Figure 4 with 1 supplement see all
Possible approaches to differentiating between selective forces in simulations.

A major challenge in the field is distinguishing between possible sources of selection driving particular patterns of ancestry in hybrids. One promising approach is to use simulations to begin to distinguish between these possibilities. (A) As an example, we simulate ancestry change under two models, the Dobzhansky–Muller hybrid incompatibility (DMI) model and the hybridization load model after a pulse of admixture. Selected sites are shown as red stars, with the size of the star in the schematic corresponding to the strength of selection on individual sites. (B) We performed simulations using SLiM under these two models of selection on hybrids (Haller and Messer, 2019). Admixture proportions for both simulations were set at 75% parent 1 and 25% parent 2, and F1 fitness was 0.85. Ancestry was tracked on a 25 Mb chromosome in a diploid hybrid population (N = 2000). In the simulation shown in purple, selection on hybrids is driven by selection on three hybrid incompatibilities with dominance of 0.5, randomly positioned along the chromosome. In the simulation shown in black, selection on hybrids mimics a load model, with a total of 160 sites under selection along the chromosome. In this case, the selected sites are deleterious in all genetic backgrounds. The shaded area indicates the period of ‘fast’ initial purging (Principle 1), which is followed by a slower period of long-term purging in the hybridization load simulation. Although differences in the dynamics of purging between the two models are partly driven by the number of loci under selection in hybrids, the DMI model differs from other models of selection because not all minor parent alleles are disfavored (see Figure 4—figure supplement 1). Simulation code can be accessed on GitHub (https://github.com/Schumerlab/hybridization_review).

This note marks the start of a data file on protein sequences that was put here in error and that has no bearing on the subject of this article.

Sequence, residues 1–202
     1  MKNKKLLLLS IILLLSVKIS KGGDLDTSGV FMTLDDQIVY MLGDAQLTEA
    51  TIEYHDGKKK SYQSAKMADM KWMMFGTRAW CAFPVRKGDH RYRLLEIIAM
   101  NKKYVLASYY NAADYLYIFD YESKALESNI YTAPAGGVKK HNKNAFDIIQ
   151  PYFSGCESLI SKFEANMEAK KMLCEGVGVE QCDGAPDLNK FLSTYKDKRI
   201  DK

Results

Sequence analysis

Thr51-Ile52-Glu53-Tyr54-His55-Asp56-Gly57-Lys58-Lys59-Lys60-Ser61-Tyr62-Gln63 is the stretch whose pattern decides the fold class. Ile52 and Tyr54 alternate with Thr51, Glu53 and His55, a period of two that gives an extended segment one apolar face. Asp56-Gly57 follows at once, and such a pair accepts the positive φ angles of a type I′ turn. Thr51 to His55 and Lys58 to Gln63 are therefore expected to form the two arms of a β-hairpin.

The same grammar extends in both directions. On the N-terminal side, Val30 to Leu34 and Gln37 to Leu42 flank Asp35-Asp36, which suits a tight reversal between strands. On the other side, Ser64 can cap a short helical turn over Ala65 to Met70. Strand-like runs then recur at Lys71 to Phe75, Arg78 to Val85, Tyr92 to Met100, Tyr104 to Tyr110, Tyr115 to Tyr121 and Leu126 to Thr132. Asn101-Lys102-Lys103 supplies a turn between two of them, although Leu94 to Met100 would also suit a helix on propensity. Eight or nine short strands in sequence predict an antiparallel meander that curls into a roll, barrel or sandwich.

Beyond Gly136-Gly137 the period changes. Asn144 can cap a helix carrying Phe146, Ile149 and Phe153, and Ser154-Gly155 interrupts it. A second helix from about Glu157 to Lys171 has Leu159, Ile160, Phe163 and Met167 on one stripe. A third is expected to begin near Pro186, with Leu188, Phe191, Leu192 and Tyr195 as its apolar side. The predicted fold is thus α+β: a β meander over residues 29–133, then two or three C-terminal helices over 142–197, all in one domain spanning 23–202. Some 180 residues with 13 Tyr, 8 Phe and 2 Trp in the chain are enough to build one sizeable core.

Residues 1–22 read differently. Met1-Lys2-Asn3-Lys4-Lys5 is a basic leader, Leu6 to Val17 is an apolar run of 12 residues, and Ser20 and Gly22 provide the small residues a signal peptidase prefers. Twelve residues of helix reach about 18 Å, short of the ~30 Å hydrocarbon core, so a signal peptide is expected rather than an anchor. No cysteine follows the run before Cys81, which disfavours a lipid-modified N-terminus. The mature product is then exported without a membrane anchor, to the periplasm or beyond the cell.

Overlooked complexities of selection on hybrids

The mechanisms discussed above likely represent an incomplete picture of the breadth of forms of selection on hybrids. For example, weak but pervasive epistatic interactions (e.g., of interacting genes in pathways) could select for similar shifts in ancestry as expected from selection on polygenic traits, but whether such weak epistatic interactions are common is unknown. It is also important to also note that, to some extent, the distinctions made above between different sources of selection can be arbitrary and not biologically meaningful. In some cases, two or more of the selective frameworks may be simultaneously applied – such as a DMI caused by genes underlying an ecologically relevant trait (Arnegard et al., 2014; Thompson, 2019a).